Saturday, April 19, 2008

Blossoms appear



Look! The winter is past.

The rain is over and gone.

Blossoms appear in the land.

The time of the songbird has arrived.

The cooing of the mourning dove is heard in our land.


Song of Solomon 2: 11-12




Some good friends of ours sent this rose to us shortly after we found out about Isabel. It has sat next to my sink for almost an entire year now. At first my mom took care of it, she put it in the bowl and watered it. Throughout the year, I would occasionally notice it and give it a drink. I wondered if it would live. I knew it needed to be planted, but it looked so small, I just didn't want to put it outside in the winter. So it sat by my sink, every...single...day.

A week or so ago the last leaf fell off the stem.

I was secretly glad.

It was dead.

I wouldn't have to worry about it anymore! But then the other day, I was shocked to see a new sprout (top picture). I was so surprised, I took a picture. And then it seems only a day or two later, this happened...


Giving a plant in memory of someone who has died is a great idea. It's good in the long term sense. But in the interim, during that initial period of intense grief, requiring someone to tend to anything other than the very basics also raises questions about whether the plant will survive or not.

With the plants we received from friends and family, there seemed to be a lot of pressure in my mind and heart for 'these' plants. Because they were associated with Isabel, it was almost as if they were Isabel. I had to take extra special care of them, I couldn't let them die, and yet I also felt no desire to care for them.

This was a problem.

I felt I had to plant them in the most perfect spot. Which increased the pressure for this decision and made me not want to commit to planting them anywhere because I couldn't decide where the 'right' spot would be. All this at the time when I cared the very least for such things. I had no desire to care for a plant. And in the heat of June, a potted plant sitting outside in the heat needs even more care to be kept alive. A few of them did die. At the time I really didn't care.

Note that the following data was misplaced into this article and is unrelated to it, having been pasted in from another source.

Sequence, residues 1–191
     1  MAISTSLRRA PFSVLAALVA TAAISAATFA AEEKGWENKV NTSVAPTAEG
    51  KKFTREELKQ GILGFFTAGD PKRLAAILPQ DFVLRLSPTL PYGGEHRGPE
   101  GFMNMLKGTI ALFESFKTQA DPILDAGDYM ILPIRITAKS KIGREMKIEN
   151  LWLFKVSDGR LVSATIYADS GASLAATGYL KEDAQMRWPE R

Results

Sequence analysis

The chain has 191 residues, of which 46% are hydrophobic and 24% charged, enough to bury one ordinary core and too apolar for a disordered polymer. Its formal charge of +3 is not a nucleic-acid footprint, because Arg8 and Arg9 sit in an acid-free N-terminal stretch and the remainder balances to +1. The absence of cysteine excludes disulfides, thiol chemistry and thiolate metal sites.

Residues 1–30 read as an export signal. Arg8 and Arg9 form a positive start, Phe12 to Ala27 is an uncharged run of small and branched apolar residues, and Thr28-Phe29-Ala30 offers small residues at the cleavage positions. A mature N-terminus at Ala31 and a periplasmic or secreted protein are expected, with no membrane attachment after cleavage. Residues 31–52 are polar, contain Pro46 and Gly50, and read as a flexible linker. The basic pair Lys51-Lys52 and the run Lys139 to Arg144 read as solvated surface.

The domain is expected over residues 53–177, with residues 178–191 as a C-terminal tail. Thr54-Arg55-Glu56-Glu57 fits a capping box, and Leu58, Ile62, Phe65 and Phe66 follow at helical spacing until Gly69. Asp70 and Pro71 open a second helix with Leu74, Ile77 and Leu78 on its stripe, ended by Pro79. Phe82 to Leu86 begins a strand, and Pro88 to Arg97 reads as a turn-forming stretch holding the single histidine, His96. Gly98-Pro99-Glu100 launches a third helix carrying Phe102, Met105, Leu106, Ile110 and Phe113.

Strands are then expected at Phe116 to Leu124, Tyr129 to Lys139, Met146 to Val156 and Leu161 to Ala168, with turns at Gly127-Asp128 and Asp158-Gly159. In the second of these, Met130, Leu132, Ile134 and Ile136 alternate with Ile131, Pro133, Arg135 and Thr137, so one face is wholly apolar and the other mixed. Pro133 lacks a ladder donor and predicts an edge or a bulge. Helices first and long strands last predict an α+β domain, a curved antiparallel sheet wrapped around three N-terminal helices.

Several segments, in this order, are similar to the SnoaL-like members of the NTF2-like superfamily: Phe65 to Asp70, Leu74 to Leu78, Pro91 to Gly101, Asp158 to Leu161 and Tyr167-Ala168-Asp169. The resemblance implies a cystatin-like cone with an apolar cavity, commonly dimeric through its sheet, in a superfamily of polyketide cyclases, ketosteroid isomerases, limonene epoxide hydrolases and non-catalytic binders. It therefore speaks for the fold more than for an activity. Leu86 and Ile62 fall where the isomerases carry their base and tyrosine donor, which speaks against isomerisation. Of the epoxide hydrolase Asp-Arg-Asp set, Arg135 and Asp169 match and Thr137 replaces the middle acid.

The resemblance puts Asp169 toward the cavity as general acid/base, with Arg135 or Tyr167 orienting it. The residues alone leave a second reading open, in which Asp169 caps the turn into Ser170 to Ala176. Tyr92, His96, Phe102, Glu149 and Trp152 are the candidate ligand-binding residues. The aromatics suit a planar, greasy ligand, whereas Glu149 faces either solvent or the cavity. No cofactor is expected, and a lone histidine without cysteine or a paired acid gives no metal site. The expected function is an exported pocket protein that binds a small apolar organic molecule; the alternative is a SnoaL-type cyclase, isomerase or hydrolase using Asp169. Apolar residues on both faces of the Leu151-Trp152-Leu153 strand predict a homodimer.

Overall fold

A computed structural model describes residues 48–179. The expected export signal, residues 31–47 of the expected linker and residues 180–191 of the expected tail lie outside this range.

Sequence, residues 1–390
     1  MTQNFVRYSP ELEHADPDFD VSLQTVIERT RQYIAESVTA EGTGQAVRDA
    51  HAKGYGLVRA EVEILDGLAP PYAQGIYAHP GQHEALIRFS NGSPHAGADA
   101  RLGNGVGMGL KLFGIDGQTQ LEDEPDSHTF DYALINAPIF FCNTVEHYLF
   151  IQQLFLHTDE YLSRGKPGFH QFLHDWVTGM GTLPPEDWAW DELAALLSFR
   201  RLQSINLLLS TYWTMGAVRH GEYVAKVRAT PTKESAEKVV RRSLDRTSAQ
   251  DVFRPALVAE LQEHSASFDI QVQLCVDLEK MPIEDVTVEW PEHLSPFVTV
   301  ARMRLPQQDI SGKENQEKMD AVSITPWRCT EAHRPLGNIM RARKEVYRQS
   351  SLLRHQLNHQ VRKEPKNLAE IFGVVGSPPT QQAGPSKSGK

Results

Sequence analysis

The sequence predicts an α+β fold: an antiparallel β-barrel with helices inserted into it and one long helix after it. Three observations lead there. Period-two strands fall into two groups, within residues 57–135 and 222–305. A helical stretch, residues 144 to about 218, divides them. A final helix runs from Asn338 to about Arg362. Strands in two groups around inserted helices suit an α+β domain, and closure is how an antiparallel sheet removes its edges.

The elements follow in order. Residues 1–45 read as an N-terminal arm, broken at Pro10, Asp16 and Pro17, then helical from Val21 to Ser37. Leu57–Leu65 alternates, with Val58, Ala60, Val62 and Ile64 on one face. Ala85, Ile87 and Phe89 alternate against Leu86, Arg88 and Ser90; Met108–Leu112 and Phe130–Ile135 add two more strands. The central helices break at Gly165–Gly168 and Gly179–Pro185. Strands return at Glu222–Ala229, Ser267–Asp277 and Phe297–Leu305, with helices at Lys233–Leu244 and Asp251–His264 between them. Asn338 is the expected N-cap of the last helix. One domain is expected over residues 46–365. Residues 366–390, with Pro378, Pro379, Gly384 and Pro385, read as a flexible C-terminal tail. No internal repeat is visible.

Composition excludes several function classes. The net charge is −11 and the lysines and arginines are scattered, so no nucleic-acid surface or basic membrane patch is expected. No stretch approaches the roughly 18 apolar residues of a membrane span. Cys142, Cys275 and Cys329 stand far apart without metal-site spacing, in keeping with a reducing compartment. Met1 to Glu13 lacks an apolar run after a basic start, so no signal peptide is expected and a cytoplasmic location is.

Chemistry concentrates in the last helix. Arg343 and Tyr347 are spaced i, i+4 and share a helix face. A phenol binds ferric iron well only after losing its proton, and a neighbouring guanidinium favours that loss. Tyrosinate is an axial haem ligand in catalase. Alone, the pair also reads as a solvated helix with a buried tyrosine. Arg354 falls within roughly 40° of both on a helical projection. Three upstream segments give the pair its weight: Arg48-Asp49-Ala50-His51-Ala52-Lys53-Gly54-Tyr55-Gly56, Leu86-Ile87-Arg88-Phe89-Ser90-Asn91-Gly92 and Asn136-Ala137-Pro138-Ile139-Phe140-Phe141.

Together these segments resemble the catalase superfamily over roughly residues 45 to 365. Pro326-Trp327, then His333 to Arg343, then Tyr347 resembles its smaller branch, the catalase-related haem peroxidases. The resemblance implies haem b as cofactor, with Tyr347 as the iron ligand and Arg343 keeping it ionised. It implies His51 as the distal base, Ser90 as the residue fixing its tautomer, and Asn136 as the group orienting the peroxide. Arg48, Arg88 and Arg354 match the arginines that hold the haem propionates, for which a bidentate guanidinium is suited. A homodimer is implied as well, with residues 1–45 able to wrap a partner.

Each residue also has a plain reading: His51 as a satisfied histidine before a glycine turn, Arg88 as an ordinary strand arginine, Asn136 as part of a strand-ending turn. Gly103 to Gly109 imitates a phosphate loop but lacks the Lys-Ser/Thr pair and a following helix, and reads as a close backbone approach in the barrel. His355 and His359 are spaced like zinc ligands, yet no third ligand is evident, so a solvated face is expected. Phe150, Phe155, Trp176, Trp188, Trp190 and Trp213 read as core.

Did I mention that already?

I guess I am belaboring this point huh?


In hindsight, something that I would have appreciated (although I didn't know it at the time) would have been a work party, a group of people getting together to get the plants in the ground. It may seem weird but I really didn't want to see anyone either. I just didn't want to feel like people were wondering 'how' I was doing. I felt awful emotionally and physically. I was depressed, with good reason I guess. So if you ever have the opportunity to do this sort of thing for someone I would suggest that there be no pressure on the person to 'entertain' visitors or to be out in the midst of the planting party.

Another way to bless someone experiencing a loss is to mow their lawn. We spent a few days out of town for the funeral which was held in my hometown, a few hours away. When we came home and drove up to our house we found a nicely mowed lawn. Our neighbor's son had generously mowed our gigantic lawn. That simple act was such a blessing to us, especially my husband. I could feel his burden lift a little. That was one less thing for him to worry about.


I wouldn't say I feel like 'the winter is past', but with the arrival of spring along with the passing of time, I have a renewed energy and will to wield a shovel.

I finally made a decision and planted almost all of the plants we were given in honor of Isabel. I put the Peace rose bush and the Dogwood tree next to each other. The dogwood blooms pink blossoms (shown above) in June around the time of her birthday. In years to come, these thoughtful gifts will be a pleasant reminder of our precious pink blossom.


What about you?

What things helped minister to you the most?

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